They collected stones
I have three children. Three gloriously individual children who each come standard with larger-than-life personalities. One asks for help when another would rather sweat it out in frustration until they feel in control. One may require my attention during bedtime while another needs me in the chilly hours of the early morning. He, for the most part, accepts the many conventions of life while She questions the order of everything. Each of their spiritual chapters are written with the inquisitive progress that can only come from them, and are marked with the individuality that only their mother can fully appreciate. Unfortunately my appreciation doesn’t always fall in the moment and I often become preoccupied with the raising, feeding, cleaning and teaching element in my job description. I sometimes forget to STOP. Watch them walk with confidently steady legs. Listen to the lowering sounds of their voices that once rung high and squeaky. Smell the tops of their messy heads, while unsuccessfully searching for the familiar scent of the small child who once bathed with bubbles and ducks. Giggle at the teeth and feet that seem to have simultaneously become too large for their bodies. Run after their taunting faces only to realize that even though I may be a faster sprinter, they can rapidly overcome me with the stamina and endurance of their healthy young bodies.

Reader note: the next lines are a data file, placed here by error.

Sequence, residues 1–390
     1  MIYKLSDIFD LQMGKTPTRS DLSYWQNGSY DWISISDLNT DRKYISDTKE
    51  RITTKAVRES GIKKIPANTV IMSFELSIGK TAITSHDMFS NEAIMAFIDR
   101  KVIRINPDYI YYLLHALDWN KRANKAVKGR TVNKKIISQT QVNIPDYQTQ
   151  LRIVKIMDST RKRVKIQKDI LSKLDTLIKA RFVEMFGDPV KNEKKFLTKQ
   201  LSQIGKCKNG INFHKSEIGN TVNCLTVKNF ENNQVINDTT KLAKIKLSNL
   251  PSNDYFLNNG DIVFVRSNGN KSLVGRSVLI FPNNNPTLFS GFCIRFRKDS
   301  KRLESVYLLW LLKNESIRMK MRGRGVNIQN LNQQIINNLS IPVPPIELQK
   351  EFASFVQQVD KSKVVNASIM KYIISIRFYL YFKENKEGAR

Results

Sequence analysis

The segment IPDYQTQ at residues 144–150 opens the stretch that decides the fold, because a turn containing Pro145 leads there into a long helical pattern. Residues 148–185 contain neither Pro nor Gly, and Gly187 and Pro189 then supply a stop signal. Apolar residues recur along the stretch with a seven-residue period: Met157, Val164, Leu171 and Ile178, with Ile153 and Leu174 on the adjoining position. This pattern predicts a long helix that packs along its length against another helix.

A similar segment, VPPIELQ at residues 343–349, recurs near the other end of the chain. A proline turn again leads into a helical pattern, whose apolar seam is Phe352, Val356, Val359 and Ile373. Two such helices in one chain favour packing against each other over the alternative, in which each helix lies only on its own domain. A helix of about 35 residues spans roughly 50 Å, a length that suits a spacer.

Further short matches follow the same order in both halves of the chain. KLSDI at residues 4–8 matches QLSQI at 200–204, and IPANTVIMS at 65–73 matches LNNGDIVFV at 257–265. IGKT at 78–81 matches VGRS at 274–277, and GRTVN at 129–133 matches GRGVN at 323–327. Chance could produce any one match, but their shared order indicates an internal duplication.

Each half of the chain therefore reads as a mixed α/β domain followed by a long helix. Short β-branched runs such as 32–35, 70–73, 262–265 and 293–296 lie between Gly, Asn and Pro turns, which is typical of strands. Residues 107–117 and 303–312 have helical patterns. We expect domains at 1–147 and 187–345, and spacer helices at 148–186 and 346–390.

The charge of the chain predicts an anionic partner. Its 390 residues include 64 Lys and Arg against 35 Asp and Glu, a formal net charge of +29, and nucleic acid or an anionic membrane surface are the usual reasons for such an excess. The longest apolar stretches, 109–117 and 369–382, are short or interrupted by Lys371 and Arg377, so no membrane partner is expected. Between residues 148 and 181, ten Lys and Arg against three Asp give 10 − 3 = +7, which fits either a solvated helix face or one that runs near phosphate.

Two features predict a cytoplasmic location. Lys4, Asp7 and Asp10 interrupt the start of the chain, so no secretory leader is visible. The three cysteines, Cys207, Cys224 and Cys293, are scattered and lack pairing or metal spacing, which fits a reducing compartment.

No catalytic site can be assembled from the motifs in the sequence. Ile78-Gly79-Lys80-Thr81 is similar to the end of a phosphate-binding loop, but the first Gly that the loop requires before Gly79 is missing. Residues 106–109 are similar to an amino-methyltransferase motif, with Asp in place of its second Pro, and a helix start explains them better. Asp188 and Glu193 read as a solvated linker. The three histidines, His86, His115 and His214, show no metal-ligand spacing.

Watching my older children climb stones with increasing ease has given me pause to appreciate my youngest little boy. It’s like putting 75¢ into the candy machine only to serendipitously see two candy bars fall to the bottom. Another chance to relish and savor the nutty, chocolate-y happiness that only a snickers bar can offer.
I have this third babytoddlerboy. I have another chance to fully notice and realize the magnitude of each stone he scrambles up when joyfully struggling to keep up with his biggies. Maybe I did make a note in my mental margin each time She tried to climb. I’d like to think I just had to make room for the enormity of her accomplishments by keeping only the big stones in my immediate memory retrieval bin. But I feel as though I’m keeping a constant vigil on my third child for chance he’ll suddenly grow tall and walk away, not reaching for my hand.
He’s it for me. The final occasion during which I’ll be delighting in every.small.stone. I don’t want you to leave my breast, use the potty or write your name. Just yet. Let me selfishly indulge in every warm breath you exhale onto my cheek as we nestle under the blankets; you’ll sleep alone soon enough. Let me hold your hand every step up the driveway; you’ll want to walk it alone soon enough. Let me hold you on my hip until my arm falls numb; you’ll stay down soon enough.
Let me find the patience through him to stop and truly see; all three of my children will scale the stepping stone wall and be off on their own journeys soon enough.